Wednesday, March 26, 2014

Wonderful Rainy Day!  
The birds have started making nests in our backyard.

Our two cats love to roll on the floor or snuggle in a box.

My poetry class at Stanford Continuing Studies is finished.  One of the forms I worked on is the Triolet, which just fit this poem.  The poem only works if you live in California!

King Daffodil

The rain comes only in February
To beat the daffodil down.
Yellow head, be wary,
The rain comes only in February.
Spring up, daffodil, don’t tarry
Burst forth quickly, golden crown
The rain comes only in February
To beat the daffodil down.

What's a Triolet?
The form: an 8-line poem with only two rhymes used throughout, with the first and second lines repeating in a particular pattern----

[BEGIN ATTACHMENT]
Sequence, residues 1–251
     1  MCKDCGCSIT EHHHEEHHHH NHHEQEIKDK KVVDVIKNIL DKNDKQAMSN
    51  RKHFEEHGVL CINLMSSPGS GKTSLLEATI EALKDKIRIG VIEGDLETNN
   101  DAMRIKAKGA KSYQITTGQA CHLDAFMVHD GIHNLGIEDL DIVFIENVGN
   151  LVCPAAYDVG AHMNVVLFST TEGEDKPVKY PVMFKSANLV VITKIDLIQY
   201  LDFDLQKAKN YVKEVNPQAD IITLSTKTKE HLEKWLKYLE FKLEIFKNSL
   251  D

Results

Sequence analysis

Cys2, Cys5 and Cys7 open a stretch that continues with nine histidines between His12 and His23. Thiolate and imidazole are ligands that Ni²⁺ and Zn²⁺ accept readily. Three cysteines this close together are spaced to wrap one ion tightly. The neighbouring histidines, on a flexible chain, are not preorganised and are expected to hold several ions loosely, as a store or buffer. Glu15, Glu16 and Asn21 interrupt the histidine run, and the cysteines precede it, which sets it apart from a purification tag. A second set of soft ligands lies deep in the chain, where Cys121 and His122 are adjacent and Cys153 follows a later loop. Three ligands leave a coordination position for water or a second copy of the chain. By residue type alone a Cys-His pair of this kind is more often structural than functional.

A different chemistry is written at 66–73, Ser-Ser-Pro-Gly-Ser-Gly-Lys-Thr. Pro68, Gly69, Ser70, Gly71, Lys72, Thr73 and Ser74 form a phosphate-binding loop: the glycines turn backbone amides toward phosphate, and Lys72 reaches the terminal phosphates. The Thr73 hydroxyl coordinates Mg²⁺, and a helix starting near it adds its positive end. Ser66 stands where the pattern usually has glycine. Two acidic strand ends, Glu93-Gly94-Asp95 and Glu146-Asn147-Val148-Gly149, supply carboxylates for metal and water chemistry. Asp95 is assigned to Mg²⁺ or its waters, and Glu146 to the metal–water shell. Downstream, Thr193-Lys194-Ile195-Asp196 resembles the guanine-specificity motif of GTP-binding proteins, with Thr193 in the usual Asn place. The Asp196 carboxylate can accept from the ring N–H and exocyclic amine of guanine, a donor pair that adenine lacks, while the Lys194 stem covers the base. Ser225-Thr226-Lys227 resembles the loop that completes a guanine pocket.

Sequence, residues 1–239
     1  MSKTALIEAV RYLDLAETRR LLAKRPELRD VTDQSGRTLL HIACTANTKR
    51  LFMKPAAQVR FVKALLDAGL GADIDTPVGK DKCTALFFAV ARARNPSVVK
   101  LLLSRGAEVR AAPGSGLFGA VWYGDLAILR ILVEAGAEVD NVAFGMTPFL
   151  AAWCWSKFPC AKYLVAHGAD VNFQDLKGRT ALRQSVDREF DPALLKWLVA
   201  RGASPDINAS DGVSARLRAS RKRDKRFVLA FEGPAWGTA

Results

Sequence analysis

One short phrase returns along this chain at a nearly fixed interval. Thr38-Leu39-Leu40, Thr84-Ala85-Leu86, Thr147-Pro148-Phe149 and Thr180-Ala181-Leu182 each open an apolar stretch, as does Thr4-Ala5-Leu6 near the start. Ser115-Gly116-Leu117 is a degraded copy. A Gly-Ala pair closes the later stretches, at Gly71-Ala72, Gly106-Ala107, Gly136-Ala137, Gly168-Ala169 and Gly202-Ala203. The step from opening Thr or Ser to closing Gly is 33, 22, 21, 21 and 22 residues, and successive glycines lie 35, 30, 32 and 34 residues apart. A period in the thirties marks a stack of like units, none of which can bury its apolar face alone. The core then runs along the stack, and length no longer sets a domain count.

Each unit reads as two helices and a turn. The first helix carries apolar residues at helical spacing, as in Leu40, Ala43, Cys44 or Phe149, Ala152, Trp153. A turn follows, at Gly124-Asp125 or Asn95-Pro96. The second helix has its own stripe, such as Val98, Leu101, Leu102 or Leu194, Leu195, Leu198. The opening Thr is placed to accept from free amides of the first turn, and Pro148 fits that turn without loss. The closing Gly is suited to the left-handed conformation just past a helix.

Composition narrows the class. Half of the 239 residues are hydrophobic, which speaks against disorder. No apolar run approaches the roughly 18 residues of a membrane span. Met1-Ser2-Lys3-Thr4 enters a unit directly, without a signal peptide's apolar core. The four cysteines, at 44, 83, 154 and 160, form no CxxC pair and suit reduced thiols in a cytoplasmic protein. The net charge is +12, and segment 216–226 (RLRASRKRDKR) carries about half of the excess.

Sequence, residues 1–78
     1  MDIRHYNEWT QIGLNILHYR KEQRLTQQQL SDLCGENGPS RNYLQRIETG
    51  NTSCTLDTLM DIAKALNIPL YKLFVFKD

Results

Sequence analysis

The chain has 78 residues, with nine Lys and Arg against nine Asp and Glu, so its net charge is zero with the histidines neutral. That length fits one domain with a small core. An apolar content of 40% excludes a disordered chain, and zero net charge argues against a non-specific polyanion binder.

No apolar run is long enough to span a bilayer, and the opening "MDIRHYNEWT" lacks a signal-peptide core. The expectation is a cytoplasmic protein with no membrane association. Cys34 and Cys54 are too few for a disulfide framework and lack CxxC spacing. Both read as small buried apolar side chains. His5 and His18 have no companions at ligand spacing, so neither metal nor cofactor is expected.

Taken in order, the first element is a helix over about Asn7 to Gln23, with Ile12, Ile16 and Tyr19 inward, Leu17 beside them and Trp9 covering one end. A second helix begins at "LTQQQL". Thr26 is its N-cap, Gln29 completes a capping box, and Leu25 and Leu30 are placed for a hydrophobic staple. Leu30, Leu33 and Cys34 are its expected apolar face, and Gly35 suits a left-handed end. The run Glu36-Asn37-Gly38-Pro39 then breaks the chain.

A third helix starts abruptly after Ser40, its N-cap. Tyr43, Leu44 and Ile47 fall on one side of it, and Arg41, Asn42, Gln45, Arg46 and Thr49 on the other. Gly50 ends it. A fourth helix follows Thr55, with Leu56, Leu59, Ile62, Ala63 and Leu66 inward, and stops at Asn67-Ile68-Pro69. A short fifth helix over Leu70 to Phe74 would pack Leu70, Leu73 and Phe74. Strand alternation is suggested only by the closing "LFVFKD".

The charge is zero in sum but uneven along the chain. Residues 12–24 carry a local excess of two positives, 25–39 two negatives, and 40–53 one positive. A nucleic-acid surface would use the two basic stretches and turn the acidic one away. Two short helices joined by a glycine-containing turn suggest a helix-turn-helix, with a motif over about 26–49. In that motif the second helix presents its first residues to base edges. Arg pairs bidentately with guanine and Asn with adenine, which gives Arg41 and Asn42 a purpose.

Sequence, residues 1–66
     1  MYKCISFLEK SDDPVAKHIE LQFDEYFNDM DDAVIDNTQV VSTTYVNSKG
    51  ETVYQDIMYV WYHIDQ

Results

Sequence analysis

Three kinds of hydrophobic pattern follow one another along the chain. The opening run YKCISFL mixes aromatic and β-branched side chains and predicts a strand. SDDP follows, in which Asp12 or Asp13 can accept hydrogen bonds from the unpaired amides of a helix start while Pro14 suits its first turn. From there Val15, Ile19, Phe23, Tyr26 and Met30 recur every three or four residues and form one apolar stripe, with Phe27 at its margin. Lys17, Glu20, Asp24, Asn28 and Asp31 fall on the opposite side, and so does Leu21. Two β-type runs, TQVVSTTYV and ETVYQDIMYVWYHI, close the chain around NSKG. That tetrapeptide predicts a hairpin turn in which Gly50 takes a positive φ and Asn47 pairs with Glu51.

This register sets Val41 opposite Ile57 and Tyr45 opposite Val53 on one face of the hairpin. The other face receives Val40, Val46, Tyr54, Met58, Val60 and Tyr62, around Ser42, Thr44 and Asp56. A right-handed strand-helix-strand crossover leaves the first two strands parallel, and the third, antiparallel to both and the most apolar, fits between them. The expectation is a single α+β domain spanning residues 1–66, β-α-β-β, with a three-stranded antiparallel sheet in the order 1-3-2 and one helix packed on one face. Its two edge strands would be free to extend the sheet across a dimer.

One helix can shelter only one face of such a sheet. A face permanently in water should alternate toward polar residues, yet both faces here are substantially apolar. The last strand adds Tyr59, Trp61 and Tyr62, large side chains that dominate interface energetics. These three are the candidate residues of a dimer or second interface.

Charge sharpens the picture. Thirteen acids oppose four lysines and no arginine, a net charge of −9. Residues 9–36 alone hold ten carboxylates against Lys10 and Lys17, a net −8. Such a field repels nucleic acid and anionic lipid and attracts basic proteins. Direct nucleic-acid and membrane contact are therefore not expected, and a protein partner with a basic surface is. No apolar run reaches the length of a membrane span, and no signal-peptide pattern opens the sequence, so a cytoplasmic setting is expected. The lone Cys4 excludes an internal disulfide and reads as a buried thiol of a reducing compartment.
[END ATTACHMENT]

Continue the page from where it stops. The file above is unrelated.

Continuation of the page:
---where capital letters represent repeated lines, and lowercase letters represent rhyme words.  (Brittany Pelham, Poetry Process, 2014)

The old forms, such as the triolet or sonnet, are much more mathematical than free verse:  geometry in words.  You have to figure out the pattern as well as something meaningful to say without the poem sounding 'sing-song.'  What a process!

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